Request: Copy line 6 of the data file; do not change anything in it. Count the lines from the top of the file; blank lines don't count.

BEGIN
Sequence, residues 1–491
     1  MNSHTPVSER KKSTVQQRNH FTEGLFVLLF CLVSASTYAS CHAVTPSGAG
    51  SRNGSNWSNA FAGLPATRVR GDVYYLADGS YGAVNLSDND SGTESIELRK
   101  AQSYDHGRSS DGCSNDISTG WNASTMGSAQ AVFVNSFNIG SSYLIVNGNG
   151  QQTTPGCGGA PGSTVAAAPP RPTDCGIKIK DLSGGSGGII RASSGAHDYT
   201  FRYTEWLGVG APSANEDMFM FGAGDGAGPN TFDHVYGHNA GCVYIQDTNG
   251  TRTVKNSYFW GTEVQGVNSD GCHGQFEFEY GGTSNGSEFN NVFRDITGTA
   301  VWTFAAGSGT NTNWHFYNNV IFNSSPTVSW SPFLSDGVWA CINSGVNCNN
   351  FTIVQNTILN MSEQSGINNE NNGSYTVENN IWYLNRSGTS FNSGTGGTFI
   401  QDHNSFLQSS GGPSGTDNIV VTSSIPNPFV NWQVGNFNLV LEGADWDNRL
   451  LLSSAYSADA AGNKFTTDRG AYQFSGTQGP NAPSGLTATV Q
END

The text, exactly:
   201  FRYTEWLGVG APSANEDMFM FGAGDGAGPN TFDHVYGHNA GCVYIQDTNG